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AP sources: Trump officials weigh delay of abortion curbs

WASHINGTON (AP) — The Trump administration has told federally funded family planning clinics it is considering a delay in enforcing a controversial rule that bars them from referring women for abortions. That comes after clinics had vowed defiance.

Two people attending meetings this week between the Department of Health and Human Services and clinic representatives told The Associated Press that officials said the clinics should be given more time to comply with the rule's new requirements. The people spoke on condition of anonymity because they weren't authorized to speak publicly before any decision has been announced.

HHS said Friday that its policy has not changed. On Monday, agency officials announced that the government would immediately begin enforcing the rule, catching the clinics off-guard and prompting an outcry. Planned Parenthood said its 400 clinics would defy the requirement. Some states, including Illinois and Maryland, backed the clinics. The family planning program serves about 4 million women a year, and many low-income women get basic health care from the clinics.

The administration's abortion restrictions, cheered by social and religious conservatives, are being challenged in court by groups representing the clinics, several states, and the American Medical Association. The litigation is still in its early stages. An enforcement pause may allow for a clearer indication of where the court cases are headed.

The people who spoke to AP said that HHS Office of Population Affairs Director Diane Foley told representatives of the clinics the administration is considering rewinding the clock on enforcement. Instead of requiring immediate compliance, the administration would issue a new timetable and start the process at that point.

Some requirements would be effective in 60 days, others in 120 days, and others would take effect next year. The clinics had complained to HHS that the agency gave them no guidance on how to comply with the new restrictions, while expecting them to do so immediately.

The rule bars the family planning clinics from referring women for abortions. Abortion could still be discussed with patients, but only physicians or clinicians with advanced training could have those conversations. All pregnant patients would have to be referred for prenatal care, whether or not they request it. Minors would be encouraged to involve their parents in family planning decisions.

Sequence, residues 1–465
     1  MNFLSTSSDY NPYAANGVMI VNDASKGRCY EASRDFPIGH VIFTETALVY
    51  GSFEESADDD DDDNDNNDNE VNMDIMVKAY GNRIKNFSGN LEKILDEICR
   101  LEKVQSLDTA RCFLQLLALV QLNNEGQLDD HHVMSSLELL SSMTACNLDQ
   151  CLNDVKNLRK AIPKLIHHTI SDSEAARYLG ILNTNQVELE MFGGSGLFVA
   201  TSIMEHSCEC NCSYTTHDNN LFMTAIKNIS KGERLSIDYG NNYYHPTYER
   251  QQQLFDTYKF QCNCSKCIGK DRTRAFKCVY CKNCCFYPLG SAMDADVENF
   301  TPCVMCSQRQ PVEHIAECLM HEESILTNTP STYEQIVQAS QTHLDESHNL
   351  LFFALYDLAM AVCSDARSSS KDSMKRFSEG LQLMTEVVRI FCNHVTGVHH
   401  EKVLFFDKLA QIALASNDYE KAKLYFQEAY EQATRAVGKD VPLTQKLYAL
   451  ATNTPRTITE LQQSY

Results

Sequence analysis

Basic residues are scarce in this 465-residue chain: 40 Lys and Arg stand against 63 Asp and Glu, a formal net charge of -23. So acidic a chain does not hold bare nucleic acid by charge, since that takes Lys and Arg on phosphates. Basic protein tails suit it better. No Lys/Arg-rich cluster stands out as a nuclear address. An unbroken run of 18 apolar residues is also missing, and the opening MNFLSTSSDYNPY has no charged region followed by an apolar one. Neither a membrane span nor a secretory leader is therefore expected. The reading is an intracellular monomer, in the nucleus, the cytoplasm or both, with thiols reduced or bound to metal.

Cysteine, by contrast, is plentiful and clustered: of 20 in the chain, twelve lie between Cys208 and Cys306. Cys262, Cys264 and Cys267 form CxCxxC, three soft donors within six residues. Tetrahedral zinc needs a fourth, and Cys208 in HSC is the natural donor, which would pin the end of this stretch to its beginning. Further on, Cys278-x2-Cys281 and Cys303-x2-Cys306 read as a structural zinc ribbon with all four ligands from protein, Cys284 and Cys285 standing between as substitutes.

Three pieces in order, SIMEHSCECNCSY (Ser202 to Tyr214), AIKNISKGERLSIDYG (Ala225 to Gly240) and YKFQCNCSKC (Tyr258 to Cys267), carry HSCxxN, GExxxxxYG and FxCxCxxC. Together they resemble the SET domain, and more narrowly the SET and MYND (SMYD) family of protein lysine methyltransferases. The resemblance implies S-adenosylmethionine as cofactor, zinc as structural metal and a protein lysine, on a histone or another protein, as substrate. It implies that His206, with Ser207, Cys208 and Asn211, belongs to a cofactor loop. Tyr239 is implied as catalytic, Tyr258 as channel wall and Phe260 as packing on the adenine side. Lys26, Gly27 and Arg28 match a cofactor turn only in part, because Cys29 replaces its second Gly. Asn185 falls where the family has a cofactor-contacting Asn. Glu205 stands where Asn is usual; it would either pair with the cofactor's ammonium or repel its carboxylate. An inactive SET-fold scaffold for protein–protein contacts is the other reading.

Under the rule, facilities that provide family planning services as well as abortions would have to strictly separate finances and physical space. Known as Title X, the family-planning program funds a network of clinics, many operated by Planned Parenthood affiliates. The clinics also provide basic health services, including screening for cancer and sexually transmitted diseases. The program distributes about $260 million a year in grants to clinics, and those funds cannot be used to pay for abortions.

The family planning rule is part of a series of Trump administration efforts to remake government policy on reproductive health to please conservatives who are a key part of its political base. Other regulations tangled up in court would allow employers to opt out of offering free birth control to women workers on the basis of religious or moral objections, and grant health care professionals wider leeway to opt out of procedures that offend their religious or moral scruples.

Abortion is a legal medical procedure, but federal laws prohibit the use of taxpayer funds to pay for abortions except in cases of rape, incest, or to save the life of the woman. Planned Parenthood is also the nation's leading abortion provider, and abortion opponents see the family-planning money as a subsidy, even if federal funds cannot be used to pay for abortions.

Planned Parenthood is in the midst of a leadership upheaval, after its board abruptly ousted the organization's president this week. Leana Wen, a physician, had sought to reposition Planned Parenthood as a health care provider. In her resignation letter, she said the organization's board has determined the top priority should be to "double down on abortion rights advocacy."

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